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So after a lot of searching you’ve finally found the perfect NYC co-op. You’ve successfully negotiated a price, signed the contract and will soon be facing the infamous co-op board interview. However, there is still the co-op board package to put together and to ensure you get board approval it has to be near perfect. One important part of the board package, which sometimes gets overlooked, is the cover letter. Here’s what you need to know about it and why it’s important.
What is a cover letter and why do you need it?
The co-op board application process is a bit invasive, to say the least. Your entire financial life will be laid bare before people that will be your neighbors for years to come. Few people are comfortable with this, but there’s no way around it. Besides being invasive, the process can also feel a bit dehumanizing as your life is reduced to numbers on a tax return.
But the co-op board isn’t just concerned with your financials. They also want to know if you’ll make a good neighbor. This is where a good cover letter can make a difference. It’s a chance to humanize your application and show that you’re more than just a number. Remember, the board members are volunteers who won’t necessarily have the time or expertise to interpret complex financial statements. That’s usually left to the buildings attorneys who then give the board their opinion. What the board will be more interested in is your cover letter.
How to write a cover letter
Follow these pointers, and you should have the perfect cover letter good to go in no time.
1. Keep it clear, short and simple
Save the technical jargon for the attorneys; your cover letter should be all about putting a face on your board package. There’s no need to go over-the-top with how you present it. It should be printed on regular copy paper in Times New Roman or Calibri and be no more than 3-4 paragraphs long.
2. Strike the tone
It’s essential that you come across the right way and knowing a bit about the board will help with that. Your buyer’s agent may have worked with them before or know people that have. Use what information you can gather to present yourself as their model neighbor but don’t take that as an excuse to present yourself falsely.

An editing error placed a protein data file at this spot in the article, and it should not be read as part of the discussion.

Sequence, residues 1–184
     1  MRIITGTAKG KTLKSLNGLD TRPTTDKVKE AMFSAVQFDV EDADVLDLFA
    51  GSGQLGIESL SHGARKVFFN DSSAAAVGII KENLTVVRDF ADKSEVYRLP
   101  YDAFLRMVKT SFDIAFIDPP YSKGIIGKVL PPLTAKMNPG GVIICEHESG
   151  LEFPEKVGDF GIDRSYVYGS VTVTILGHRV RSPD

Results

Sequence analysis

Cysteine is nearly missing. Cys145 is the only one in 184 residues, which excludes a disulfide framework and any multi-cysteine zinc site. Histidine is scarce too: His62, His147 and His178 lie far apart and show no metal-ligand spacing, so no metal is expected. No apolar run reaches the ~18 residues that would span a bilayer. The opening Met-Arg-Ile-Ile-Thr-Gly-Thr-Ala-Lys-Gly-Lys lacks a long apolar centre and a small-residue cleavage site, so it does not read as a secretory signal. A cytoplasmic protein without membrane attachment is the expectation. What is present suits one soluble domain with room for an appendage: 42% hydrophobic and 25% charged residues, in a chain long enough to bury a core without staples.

Make yourself shine by mentioning why you believe you’d make a great neighbor, that you’re in it for the long-haul and have all the financial requirements. It’s alright to give the board praise and kiss up a little but only so long as it’s genuine. For instance, if there’s something about the architecture that you love you should definitely mention it.
3. Make a connection where you can
Since the board is legally restricted from asking you certain questions, this is a chance to fill in the blanks. This can be something as simple as saying,
‘My name is John Smith, and I am a proud graduate of the University of California in Los Angeles where I majored in Business Law. Recently, my wife gave birth to our first child who I want to see grow up close to my parents who reside in Brooklyn. My wife and I are committed to making New York our home and starting the next chapter in our lives. We look forward to meeting you and hopefully becoming part of the community. Thank for your time in considering our application. If there is any additional information, you require we are happy to cooperate.
A cover letter does not call for excessive detail. All it needs to do is put a good face on your application. Make sure to run it by your broker before submitting. They can even help you with writing it up. The cover letter is just one of the many things a co-op board package requires. It may seem like a small part of it, but it still deserves the right attention.